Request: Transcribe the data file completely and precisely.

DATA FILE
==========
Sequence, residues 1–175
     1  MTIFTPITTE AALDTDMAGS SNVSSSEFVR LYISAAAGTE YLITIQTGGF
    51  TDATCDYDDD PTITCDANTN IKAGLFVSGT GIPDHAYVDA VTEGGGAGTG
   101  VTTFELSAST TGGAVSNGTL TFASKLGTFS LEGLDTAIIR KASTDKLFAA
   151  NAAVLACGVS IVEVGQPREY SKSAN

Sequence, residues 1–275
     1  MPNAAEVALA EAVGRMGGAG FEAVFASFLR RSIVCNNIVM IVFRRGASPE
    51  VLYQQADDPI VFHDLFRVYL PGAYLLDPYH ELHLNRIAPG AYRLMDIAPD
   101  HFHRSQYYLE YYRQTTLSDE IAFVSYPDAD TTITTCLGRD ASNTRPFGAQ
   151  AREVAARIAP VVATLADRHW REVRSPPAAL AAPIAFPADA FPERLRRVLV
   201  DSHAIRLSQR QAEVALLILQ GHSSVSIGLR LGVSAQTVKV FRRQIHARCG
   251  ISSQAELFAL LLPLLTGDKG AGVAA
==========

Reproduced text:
Sequence, residues 1–175
     1  MTIFTPITTE AALDTDMAGS SNVSSSEFVR LYISAAAGTE YLITIQTGGF
    51  TDATCDYDDD PTITCDANTN IKAGLFVSGT GIPDHAYVDA VTEGGGAGTG
   101  VTTFELSAST TGGAVSNGTL TFASKLGTFS LEGLDTAIIR KASTDKLFAA
   151  NAAVLACGVS IVEVGQPREY SKSAN

Sequence, residues 1–275
     1  MPNAAEVALA EAVGRMGGAG FEAVFASFLR RSIVCNNIVM IVFRRGASPE
    51  VLYQQADDPI VFHDLFRVYL PGAYLLDPYH ELHLNRIAPG AYRLMDIAPD
   101  HFHRSQYYLE YYRQTTLSDE IAFVSYPDAD TTITTCLGRD ASNTRPFGAQ
   151  AREVAARIAP VVATLADRHW REVRSPPAAL AAPIAFPADA FPERLRRVLV
   201  DSHAIRLSQR QAEVALLILQ GHSSVSIGLR LGVSAQTVKV FRRQIHARCG
   251  ISSQAELFAL LLPLLTGDKG AGVAA